Publication Date

2018-03-03

Availability

Embargoed

Embargo Period

2020-05-03

Degree Type

Dissertation

Degree Name

Doctor of Philosophy (PHD)

Department

Biomedical Engineering (Engineering)

Date of Defense

2017-12-20

First Committee Member

Suhrud M. Rajguru

Second Committee Member

Abhishek Prasad

Third Committee Member

Nelson Salas

Fourth Committee Member

Fabrice Manns

Fifth Committee Member

Michael E Hoffer

Abstract

Vestibular dysfunction and balance disorders significantly impact the quality of life of patients. To assist patients with bilateral vestibulopathies and in cases where current forms of treatment are not effective, there is a need to develop neural prosthesis. In some cases, although the vestibular system could not sense the input balance signals, a significant numbers of nerve cells remain to respond to electrical stimulation(Jensen 1983). So developing a electrode based vestibular prosthesis becomes a practical solution. Vestibular prosthesis has been researched over the past decades, and vestibular function restoration is partly realized in animals such as chinchilla(Santina, Migliaccio et al. 2007) and rhesus monkey (Phillips, Bierer et al. 2011). However, Several limitations accompanied with current electrical stimulation method limit the prosthesis from becoming a practical treatment. The spatial selectivity is one of the major limitations. The electrical current spreads out of the target region and often causes unwanted response from other organs (Santina, Migliaccio et al. 2005, Phillips, Bierer et al. 2011). Also in some cases, the electrical current may stimulate other nerves such as facial nerve (Phillips, Bierer et al. 2011). Finally, because the electrode needs to be in contact with the stimulating target, there is possibility to cause tissue damage. Pulsed infrared radiation (IR) has recently been utilized for neural stimulation (Izzo, Walsh et al. 2007, Rajguru, Richter et al. 2011, Richter and Tan 2014). Long-wavelength (1800~2000 μm), pulsed IR laser radiation, evokes responses in rat sciatic nerve(Wells, Kao et al. 2005), auditory nerve (Izzo, Richter et al. 2006), quail embryo hearts(Jenkins, Duke et al. 2010), vestibular hair cells(Rajguru, Richter et al. 2011) and vestibular nerve(Harris, Bierer et al. 2009). There are several potential advantages of IR: the IR delivery component does not need to be intact with the target, which avoids physical damage to the tissue. Also, IR beam can be focused and has been shown to have better spatial selectivity(Richter, Rajguru et al. 2011, Richter and Tan 2014). In the present proposal, we aim to design a vestibular prosthesis based on IR stimulation. We plan to use fiber optic to deliver IR pulses to stimulate rat vestibular system and record vestibular-Ocular-Reflex (VOR) as reference to validate the efficacy of IR stimulation. We will also stud y various parameters of IR stimulation to determine its safety.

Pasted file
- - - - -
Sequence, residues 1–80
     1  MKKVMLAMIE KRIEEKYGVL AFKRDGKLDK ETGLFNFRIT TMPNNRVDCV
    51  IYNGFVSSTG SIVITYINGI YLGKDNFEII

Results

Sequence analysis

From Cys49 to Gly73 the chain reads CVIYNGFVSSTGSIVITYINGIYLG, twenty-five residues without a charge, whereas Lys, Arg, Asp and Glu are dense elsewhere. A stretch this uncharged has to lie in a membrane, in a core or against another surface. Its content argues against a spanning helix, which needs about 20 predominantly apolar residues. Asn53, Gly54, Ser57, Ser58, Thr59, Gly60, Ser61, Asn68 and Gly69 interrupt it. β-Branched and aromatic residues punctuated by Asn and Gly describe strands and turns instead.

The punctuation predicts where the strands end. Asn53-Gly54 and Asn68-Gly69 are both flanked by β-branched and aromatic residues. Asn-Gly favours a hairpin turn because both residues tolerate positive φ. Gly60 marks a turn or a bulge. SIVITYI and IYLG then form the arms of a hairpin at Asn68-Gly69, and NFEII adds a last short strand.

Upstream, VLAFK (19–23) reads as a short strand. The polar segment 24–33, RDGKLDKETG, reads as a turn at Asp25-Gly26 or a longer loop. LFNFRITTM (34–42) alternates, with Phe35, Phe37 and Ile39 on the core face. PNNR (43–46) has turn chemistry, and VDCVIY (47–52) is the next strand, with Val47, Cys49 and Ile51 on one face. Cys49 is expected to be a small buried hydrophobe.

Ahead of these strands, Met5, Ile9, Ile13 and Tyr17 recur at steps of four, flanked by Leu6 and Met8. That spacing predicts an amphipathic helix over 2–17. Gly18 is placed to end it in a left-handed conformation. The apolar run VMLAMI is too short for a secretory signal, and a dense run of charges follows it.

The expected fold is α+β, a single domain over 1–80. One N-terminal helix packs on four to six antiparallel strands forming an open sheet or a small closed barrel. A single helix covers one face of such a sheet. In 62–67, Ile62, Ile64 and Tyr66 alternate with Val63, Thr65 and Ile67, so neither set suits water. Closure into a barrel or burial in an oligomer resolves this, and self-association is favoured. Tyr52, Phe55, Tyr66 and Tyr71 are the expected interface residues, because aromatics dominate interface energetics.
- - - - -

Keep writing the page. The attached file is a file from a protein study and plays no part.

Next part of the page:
Keywords

Vestibulo-Ocular Reflex(VOR); Infrared Neuron Stimulation(INS); Vestibular system; semicircular canals; otolith organs; Micro-CT

Available for download on Sunday, May 03, 2020

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